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In Re: Rao Nihalkaran S/O R.R. Chhatrakaran - Court Judgment

LegalCrystal Citation
SubjectCriminal;Property
CourtMadhya Pradesh High Court
Decided On
Case NumberCriminal Revn. No. 276 of 1957
Judge
Reported inAIR1958MP341; 1958CriLJ1316
ActsEasements Act, 1882 - Sections 24 and 36; Indian Penal Code (IPC), 1860 - Sections 97 and 426
AppellantIn Re: Rao Nihalkaran S/O R.R. Chhatrakaran
Appellant AdvocateV.P. Trivedi, Adv.
Respondent AdvocateP.R. Sharma, Adv.
DispositionRevision dismissed
Cases ReferredPunjaji v. Maroti
Excerpt:
.....air 1939 mad 400 (c), where it was held that a person who in good faith cuts down the eaves of the house, of the neighbour which project on his land, is not guilty of the offence of mischief. the accused destroyed the drain and it was complained that this act of the accused amounted to mischief......down the wall under section 24 of the indian easements act. section 24 of that act entitles the dominant owner to do all acts necessary to secure the full enjoyment of an easement. from the illustrations given below that section it is clear that the acts contemplated to be done by the dominant owner in this section are such acts as are necessary to secure the enjoyment of the easement proper to him.he is thus entitled to go on the land of the servicnt owner to make necessary repairs to a drain or to a way, etc. the right contemplated by this section has been called an accessory right in the section itself. the words 'acts necessary to secure the full enjoyment of an easement' which occur in the first sentence of the section arc repeated in the definition of an accessory right given in.....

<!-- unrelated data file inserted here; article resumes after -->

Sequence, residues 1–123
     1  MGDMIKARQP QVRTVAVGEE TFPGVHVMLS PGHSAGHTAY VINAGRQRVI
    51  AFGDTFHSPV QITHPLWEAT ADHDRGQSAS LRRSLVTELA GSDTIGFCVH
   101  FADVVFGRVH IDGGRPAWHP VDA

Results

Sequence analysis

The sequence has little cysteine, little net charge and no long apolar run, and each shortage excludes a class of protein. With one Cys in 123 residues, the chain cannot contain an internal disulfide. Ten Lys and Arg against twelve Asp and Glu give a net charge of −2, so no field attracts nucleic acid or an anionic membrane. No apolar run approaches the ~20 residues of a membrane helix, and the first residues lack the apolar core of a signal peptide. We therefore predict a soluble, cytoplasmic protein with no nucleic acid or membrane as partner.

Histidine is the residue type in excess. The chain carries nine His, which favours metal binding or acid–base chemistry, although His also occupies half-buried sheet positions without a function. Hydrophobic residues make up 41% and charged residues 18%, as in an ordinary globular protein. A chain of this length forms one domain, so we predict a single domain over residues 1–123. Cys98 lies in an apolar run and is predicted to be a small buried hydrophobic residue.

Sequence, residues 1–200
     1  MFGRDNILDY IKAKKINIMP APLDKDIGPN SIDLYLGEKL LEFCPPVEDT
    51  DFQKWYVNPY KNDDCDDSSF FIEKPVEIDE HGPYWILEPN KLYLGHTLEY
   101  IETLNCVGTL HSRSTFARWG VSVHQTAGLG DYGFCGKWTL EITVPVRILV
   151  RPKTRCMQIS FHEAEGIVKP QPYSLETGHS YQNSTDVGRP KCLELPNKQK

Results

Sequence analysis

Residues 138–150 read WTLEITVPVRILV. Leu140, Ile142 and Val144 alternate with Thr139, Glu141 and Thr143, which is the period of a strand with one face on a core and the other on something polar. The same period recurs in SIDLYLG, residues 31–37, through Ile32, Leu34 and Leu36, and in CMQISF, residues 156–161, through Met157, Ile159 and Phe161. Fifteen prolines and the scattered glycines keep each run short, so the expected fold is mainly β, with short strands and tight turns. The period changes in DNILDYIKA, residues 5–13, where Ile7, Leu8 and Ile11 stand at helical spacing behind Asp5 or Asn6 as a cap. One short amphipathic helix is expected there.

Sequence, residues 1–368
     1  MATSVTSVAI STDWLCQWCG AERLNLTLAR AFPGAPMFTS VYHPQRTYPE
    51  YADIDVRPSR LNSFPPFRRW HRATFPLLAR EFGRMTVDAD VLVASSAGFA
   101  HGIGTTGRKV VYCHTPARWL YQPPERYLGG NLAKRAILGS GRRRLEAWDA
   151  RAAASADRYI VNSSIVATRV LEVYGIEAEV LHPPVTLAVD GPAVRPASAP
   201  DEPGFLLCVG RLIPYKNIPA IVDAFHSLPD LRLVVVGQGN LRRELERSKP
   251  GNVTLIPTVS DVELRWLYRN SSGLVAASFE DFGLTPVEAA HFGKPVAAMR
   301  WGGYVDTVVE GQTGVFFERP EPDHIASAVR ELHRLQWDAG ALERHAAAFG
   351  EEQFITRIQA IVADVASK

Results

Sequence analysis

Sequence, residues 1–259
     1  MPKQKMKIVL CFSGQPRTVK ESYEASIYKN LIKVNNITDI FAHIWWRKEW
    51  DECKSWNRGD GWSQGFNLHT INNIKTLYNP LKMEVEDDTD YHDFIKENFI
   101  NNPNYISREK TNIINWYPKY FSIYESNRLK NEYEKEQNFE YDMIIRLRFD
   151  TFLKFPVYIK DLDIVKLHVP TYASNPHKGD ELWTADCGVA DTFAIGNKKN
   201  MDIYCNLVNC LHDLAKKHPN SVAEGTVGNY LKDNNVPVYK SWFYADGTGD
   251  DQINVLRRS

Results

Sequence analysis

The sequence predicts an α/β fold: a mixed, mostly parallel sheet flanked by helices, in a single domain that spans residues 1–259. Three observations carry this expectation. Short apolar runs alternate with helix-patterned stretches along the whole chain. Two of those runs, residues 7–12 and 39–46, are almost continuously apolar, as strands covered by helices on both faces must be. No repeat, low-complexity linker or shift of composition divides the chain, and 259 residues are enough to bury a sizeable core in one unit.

Judgment:
ORDER

T.C. Shrivastava, J.

1. The petitioners have been convicted under Section 426, I. P. C. and have been sentenced to pay a, fine of Rs. 10/- each. They have comeup in revision.